A perfect fit: Making the most out of ETP workwear through take-back

ETP’s take-back model aims to involve about 2,400 end users and potentially curb the production of new garments by 20 to 30%.

By Gwen Cunningham and Andreea Theodora Baniceru

the team

ETP is a leading Dutch company in the design, development and production of custom-made corporate wear collections for various national and international companies. 

A cross-functional team from ETP joined the Switching Gear project.
Project Manager
Managing Director
Business Development Manager
Product Manager

the urgency

ETP’s goal is to keep their garments in use for as long as possible—a sentiment shared by their business customers. Joining the Switching Gear project was a natural stepping stone for the company, who was looking to develop a circular business model in line with their ambition to take their sustainability efforts beyond recycling and to build a futureproof business case. As a B2B workwear brand, they were also in a unique position to do so, as they had access to a wealth of relevant insights about their customers.

The customer need

There is a significant opportunity for improving workwear efficiencies, as a significant percentage of workwear garments is only slightly used before employees change jobs or sizes. When collected, these garments could easily be worn by other employees, reducing the need to produce more new items. This could not only result in significant impact savings—contributing to the customers’ CSR performance and image—it can also empower employees positively in engaging in sustainable behaviour. 

The business model

ETP has rolled out the circular business model pilot with one of its clients, Dutch bank ABN AMRO. Take-back of used garments will happen through collection boxes in the different ABN AMRO offices. Employees will be educated on the benefits of circularity through different online and offline communication materials.

The expected positive impact

With its pilot, ETP expects to reduce the total production of new yarns by 20 to 30% over the course of four years. As a B2B apparel brand, it has the advantage of being able to easily track and measure its impact through changes in production volume and in energy and CO2 savings. The brand expects results to be visible in the second year of the pilot, when enough items have been returned and can be brought back into circulation. For the brand’s ongoing production, it wants to further focus on circular design and more sustainable materials.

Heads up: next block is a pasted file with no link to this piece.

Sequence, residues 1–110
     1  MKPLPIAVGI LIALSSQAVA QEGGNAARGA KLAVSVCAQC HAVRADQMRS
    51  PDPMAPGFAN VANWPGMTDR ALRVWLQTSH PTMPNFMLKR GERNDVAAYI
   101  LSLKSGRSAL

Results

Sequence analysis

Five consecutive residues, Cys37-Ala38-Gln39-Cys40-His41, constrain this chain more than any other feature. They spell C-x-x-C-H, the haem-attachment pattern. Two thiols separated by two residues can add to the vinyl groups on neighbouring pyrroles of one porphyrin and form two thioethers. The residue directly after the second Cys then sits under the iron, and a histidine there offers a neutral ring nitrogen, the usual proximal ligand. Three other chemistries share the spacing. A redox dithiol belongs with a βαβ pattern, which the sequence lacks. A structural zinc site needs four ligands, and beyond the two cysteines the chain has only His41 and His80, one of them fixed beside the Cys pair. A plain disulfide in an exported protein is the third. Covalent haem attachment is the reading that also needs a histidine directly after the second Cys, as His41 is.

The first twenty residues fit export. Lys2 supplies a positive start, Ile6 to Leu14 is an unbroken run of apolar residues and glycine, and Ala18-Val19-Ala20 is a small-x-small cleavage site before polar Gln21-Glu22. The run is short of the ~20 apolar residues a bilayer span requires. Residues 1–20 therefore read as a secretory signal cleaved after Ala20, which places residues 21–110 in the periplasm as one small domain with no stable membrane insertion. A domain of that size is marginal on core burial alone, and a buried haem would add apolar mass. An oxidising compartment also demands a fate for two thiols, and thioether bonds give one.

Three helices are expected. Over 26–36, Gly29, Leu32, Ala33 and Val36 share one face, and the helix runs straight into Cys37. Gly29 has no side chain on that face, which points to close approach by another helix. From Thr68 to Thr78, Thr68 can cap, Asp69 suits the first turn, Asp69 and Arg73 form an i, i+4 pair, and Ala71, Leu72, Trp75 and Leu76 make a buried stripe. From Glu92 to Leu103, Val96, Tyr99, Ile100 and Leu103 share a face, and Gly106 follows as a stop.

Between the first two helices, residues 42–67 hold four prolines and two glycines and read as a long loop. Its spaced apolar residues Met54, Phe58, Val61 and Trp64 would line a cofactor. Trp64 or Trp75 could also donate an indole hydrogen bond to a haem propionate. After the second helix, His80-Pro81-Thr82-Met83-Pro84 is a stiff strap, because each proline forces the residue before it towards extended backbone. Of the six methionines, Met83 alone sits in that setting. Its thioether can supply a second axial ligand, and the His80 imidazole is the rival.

PILOT OUTCOMES and lessons learnt

Since May 2021, ETP’s first pilot customer (ABN AMRO) has been closing down many of its office locations. Therefore, the pilot - in its original formulation - was put on hold. However, during this time the brand collected all the old garments from the previous collection. All of these garments were sorted and recycled by ETP’s new partner Gaia, a company specialised in return logistics and recycling of products. Half of the resultant fibre was used to make recycled socks for ABN AMRO and yarns for seating in the automotive industry. The other half is currently being stockpiled in order to see if they can be transformed into furniture for the bank's new head office.

To date, one of ETP's main challenges has been the lack of investment from their customers in circular solutions. Customers usually expect that circular solutions should be in place and available to them at no extra cost. The brand reports that the pending EPR regulation is already helping to shift this mindset. There are more and more requests on end-of-life solutions and new customers even provide a separate budget for these services from the start of the project. This is encouraging, and ETP feel well positioned to support this growing demand. Since the pilot launch, the brand has secured seven customers, who wish to start their circular business model solutions. Operating at this kind of scale will allow the logistics behind the take-back model to be more efficient. 

What’s next?

ETP will revive its pilot plans in January 2023, when it will distribute take-back boxes to all ABN AMRO offices. The boxes will remain there until they are filled and ready to be collected, after which they will go through ETP’s circular programme. ETP plans to take a product-specific approach - ie. certain products will be sorted for re-use of the yarns (e.g. polo shirts & jeans) and others will be sorted for recycling. The brand has already confirmed that Gaia will process the next batch of recyclable grade products into new polo shirts for ABN AMRO, and are exploring recycled sweaters made from jeans too. Gaia will measure and track the impact of this first pilot, in terms of volumes processed, and energy, water and CO2 saved. ETP hopes that reporting on these impact indicators will allow them to improve how they communicate the value of their circular business model to potential new clients.

What advice does ETP have for other brands that are looking to build a circular business model?

Go after the figures and collect as much data as possible - this will help you tell your story and show your value to customers,” says Nancy Dingshoff, Project Manager at ETP.

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